Delamarre, 2003, pp. 222-223.
Ó Máille, 1928, p. 143.
Ó Máille, 1928, p. 144 says that “Écmacht is from ē-cumacht, the negative prefix (n) + cumacht ‘power’”. Dumézil, 1995, p. 340, note 2, indicates that this interpretation was contested by O’Brien, 1932, pp. 163-164, who proposed for Cóiced (n-) Ólnécmacht, ‘the province beyond the impassable tract of land’; Connacht being separated from Ulster by impassable lakes and swamps.
It is the longest and most important tale of the Ulster Cycle. It is preserved in three recensions. Recension I is the oldest manuscript version, edited by O’Rahilly in 1976. For an account of the story and a bibliography, see Ó hÓgáin, 2006, pp. 488-492 ; Mackillop, 2004, pp. 396-399, 422-423 ; Beck, 2003, pp. 98-125.
For details about Cú Chulainn, see Ó hÓgáin, 2006, pp. 137-146.
Mackillop, 2004, pp. 227, 260, 262.
O’Rahilly, 1976, pp. 78-79 [2577-2601].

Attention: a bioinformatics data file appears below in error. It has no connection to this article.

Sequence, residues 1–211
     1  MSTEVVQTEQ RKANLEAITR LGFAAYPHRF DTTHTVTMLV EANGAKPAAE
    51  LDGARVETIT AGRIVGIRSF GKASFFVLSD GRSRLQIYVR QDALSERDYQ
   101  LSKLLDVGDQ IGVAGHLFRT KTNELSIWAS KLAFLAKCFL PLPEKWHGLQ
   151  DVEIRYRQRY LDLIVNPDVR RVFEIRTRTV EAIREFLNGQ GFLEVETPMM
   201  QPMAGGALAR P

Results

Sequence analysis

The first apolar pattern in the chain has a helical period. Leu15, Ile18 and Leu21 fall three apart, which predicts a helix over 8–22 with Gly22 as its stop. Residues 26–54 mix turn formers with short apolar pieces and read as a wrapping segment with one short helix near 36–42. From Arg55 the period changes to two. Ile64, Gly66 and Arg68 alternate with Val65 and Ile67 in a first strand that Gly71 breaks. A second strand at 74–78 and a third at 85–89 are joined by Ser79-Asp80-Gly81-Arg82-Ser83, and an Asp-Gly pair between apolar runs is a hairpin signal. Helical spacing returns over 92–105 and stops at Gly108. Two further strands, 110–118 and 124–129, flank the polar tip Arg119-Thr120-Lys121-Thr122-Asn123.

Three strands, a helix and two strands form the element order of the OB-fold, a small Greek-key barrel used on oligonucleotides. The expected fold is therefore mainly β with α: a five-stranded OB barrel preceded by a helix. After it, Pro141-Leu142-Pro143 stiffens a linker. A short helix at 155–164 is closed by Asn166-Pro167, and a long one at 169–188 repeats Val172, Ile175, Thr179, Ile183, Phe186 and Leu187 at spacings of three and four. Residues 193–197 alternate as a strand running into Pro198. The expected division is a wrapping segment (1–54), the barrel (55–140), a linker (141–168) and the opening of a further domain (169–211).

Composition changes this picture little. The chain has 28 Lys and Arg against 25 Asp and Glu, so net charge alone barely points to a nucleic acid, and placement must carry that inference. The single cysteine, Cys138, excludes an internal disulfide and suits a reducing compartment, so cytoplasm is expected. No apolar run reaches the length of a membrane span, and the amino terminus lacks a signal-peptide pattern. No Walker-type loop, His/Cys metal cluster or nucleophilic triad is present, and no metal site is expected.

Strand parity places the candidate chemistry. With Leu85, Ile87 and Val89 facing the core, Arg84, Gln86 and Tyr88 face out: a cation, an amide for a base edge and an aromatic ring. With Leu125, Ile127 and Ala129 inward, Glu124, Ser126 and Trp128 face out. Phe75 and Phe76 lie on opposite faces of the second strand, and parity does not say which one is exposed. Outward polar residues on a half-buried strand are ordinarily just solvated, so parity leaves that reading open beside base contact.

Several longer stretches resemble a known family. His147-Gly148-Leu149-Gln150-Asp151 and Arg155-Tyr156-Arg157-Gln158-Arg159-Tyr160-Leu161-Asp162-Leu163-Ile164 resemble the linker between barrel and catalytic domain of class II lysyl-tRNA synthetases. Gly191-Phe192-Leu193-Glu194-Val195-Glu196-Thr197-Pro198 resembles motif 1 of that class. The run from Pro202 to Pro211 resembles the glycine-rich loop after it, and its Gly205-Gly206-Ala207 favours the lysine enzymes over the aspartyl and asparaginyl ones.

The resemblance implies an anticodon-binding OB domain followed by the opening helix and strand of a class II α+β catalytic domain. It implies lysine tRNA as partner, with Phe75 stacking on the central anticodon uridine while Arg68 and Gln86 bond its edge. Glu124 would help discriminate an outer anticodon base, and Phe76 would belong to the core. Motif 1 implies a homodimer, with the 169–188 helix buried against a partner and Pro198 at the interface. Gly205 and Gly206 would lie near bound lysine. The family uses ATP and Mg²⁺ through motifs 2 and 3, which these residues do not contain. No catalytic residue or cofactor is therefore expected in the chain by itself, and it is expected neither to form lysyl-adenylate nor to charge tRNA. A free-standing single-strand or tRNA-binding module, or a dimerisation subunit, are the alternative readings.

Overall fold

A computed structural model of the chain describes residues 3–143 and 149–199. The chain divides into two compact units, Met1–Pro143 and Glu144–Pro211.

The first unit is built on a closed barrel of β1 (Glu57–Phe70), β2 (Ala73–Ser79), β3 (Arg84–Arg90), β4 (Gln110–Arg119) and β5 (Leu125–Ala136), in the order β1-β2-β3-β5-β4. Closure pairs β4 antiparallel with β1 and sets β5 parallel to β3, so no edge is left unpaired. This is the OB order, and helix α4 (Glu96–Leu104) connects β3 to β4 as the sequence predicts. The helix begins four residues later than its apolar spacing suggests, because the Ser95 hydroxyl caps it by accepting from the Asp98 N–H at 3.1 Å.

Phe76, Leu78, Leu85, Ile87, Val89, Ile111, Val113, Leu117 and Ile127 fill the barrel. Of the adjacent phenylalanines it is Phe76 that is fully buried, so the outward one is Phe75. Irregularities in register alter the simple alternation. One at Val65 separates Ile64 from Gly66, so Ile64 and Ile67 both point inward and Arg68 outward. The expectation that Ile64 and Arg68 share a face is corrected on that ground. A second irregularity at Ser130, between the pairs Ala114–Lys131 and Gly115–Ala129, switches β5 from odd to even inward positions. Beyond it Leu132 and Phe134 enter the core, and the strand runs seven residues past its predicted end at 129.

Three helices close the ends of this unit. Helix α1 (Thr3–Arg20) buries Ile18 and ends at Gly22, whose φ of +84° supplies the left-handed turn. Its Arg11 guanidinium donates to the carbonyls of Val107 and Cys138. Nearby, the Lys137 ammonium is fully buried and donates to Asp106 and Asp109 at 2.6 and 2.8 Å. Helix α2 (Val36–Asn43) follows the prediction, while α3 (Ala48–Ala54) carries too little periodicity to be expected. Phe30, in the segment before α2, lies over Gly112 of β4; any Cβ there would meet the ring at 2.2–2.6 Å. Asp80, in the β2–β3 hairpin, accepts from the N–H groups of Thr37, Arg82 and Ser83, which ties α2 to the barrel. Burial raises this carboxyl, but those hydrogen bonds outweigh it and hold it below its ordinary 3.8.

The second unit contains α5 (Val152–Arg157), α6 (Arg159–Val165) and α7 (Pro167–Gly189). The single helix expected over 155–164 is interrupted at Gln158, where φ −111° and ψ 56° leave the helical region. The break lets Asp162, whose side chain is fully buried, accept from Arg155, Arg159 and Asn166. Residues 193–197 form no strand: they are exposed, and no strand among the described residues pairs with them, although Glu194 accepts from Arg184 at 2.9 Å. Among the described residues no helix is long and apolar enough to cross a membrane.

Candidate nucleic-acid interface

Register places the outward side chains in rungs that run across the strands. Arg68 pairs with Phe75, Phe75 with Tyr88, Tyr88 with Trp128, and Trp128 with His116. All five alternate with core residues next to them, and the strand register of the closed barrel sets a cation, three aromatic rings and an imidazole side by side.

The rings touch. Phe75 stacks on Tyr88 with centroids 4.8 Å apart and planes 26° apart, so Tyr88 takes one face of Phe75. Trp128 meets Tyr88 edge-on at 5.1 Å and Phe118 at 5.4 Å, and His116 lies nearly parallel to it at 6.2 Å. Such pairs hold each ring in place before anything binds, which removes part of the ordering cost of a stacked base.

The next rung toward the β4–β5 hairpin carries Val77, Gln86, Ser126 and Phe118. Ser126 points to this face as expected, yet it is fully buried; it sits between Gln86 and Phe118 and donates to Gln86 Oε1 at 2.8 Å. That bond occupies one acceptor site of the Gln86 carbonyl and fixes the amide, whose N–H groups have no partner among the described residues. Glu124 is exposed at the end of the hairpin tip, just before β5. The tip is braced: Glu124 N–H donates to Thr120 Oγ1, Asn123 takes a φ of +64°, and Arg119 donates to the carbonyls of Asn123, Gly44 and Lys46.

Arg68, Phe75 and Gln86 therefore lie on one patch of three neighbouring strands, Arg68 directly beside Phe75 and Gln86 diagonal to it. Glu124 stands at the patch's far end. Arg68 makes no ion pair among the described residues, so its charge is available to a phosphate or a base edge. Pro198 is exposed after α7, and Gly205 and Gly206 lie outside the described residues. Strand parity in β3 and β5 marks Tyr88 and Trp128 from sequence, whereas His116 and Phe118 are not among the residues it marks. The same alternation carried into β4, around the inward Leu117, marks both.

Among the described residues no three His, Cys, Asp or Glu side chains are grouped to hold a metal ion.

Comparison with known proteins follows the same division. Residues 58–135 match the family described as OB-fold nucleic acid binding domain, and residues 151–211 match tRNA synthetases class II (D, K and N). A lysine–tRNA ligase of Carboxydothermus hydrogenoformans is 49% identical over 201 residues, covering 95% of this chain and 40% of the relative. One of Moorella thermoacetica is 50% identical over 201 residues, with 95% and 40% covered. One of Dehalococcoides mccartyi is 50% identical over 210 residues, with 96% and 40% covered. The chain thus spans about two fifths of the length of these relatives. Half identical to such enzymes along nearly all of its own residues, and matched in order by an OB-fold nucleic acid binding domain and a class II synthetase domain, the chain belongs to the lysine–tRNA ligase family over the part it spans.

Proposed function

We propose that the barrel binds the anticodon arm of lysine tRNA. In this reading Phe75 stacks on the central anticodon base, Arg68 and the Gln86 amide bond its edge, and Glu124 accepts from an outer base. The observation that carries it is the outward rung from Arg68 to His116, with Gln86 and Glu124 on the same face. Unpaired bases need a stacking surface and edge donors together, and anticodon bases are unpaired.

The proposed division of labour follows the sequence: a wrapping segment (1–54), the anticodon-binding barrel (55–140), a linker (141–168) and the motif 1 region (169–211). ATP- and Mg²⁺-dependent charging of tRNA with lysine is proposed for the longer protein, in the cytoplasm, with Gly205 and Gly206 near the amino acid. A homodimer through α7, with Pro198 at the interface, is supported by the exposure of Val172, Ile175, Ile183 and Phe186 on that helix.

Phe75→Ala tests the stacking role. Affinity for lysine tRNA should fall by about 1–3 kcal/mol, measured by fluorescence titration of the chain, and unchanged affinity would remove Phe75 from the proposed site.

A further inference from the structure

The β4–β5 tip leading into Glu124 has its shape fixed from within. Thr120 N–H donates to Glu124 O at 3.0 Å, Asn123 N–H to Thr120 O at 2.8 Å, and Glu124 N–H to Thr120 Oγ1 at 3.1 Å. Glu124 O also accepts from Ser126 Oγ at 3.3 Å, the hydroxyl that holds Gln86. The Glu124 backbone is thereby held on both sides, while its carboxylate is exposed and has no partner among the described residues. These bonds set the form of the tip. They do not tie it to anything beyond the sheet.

O’Rahilly, 1976, p. 196.
O’Rahilly, 1976, p. 54 [1750-1754].
O’Rahilly, 1976, p. 174.
O’Rahilly, 1976, p. 56 [1818-1824].
O’Rahilly, 1976, p. 177.
O’Rahilly, 1976, p. 76 [2501-2504].
O’Rahilly, 1976, p. 193.
Henderson, 1899, pp. 74-79, § 62. For an account of this story, which is part of the Ulster Cycle, see Ó hÓgáin, 2006, pp. 48-50 ; Mackillop, 2004, pp. 237-238 ; Olmsted, 1994, p. 166 ; O’Rahilly, 1946, pp. 16-17.
Stchoupakn, N., Nitti, L. & Renou, L., Dictionnaire de Sanskrit-Français, Paris, Librairie d’Amérique et d’Orient, 1972.
Dumézil, 1995, pp. 328-329.
For an account of the story, see Dumézil, 1995, pp. 316-327.